I seem to have spent most of the last three days in a pleasant haze of exhaustion from Tuesday when madam_miaw
dragged CSM, me and vschanoes
off to Sissinghurst for the day on one of the authentically fine days of the year. Not too hot, not too humid, the odd breeze, brilliant sunlight but not so much that I got burned.
For those people who don't know about it, Sissinghurst is the country house where Harold Nicolson and Vita Sackville-West conducted their various affairs and had a marriage that moved from mutual bearding to creative partnership. And part of what they created was the gardens.
Gardens do not often feature in my imagination and this, I am now aware, is something that needs to change. When I get to Atlantis, I think it is going to be a city of gardens, and rereading the new Jacqueline Carey, I am far more impressed, post-Sissinghurst, with the way she uses gardens in that. Sissinghurst is full of literary conceits made flower and leaf that actually work, like a garden of white flowers and white shrubs and silver foliage, or a herb garden which includes a seat surrounded by lavenders and other soporifics in which it is impossible to sit without drowsing.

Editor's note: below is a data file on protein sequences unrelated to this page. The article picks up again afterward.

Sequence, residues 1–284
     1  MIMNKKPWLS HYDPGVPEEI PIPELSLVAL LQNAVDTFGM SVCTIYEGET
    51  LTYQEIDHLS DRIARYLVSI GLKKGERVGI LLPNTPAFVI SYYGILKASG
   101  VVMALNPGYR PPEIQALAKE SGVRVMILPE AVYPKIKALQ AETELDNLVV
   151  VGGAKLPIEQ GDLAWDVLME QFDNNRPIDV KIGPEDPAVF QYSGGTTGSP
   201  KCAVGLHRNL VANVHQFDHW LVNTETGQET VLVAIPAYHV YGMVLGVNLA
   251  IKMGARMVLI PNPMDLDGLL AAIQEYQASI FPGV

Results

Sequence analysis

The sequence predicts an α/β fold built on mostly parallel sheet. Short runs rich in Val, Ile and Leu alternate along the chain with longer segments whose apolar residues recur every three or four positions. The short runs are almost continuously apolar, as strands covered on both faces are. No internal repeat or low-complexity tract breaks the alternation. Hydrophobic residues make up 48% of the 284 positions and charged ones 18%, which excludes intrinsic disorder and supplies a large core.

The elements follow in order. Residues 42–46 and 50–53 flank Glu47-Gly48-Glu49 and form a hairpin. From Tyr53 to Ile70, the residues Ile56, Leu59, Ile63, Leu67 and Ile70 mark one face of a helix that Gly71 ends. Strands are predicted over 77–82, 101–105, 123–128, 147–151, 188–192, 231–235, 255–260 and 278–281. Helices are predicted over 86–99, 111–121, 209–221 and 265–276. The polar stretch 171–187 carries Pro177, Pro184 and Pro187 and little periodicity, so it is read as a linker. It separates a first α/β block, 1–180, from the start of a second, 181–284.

The house itself is various remnant wings and a tower from a house that was once a castle, now entirely gone, and then a military prison. It cannot have been especially convenient, but it is certainly lovely.
We went for a long trek round the moat - there's a moat - and out and round some lakes surrounded by trees. Just as it was closing, Anna dragged us into the exhibit in an oasthouse - and there I saw it. A relic that inspired me with more secular piety than I knew I had.
The Hogarth Press.
The actual physical hand press on which Virginia Woolf printed 'The Waste Land' as a piece of Occupational Therapy. (She also printed Hope Mirrlees' 'Paris' on it, a year or so earlier.)
I actually felt my breath taken away, far more even than when I visited Hope's grave in Glasgow.
We also drove down to Battle and walked Senlac field, and then went into Hastings for chips on the seafront. Small white fish were beaching themselves in the moonlight and gulls were eating them while they were helpless and alive.
Veronica went 'Eww!' and Anna went around picking them up and throwing them back against the tide. I looked at CSM and said 'Cycle of life' in a heartless fashion.
Hastings turns out to be the town where young people play various sorts of miniature golf well past ten at night, when everything else is shut.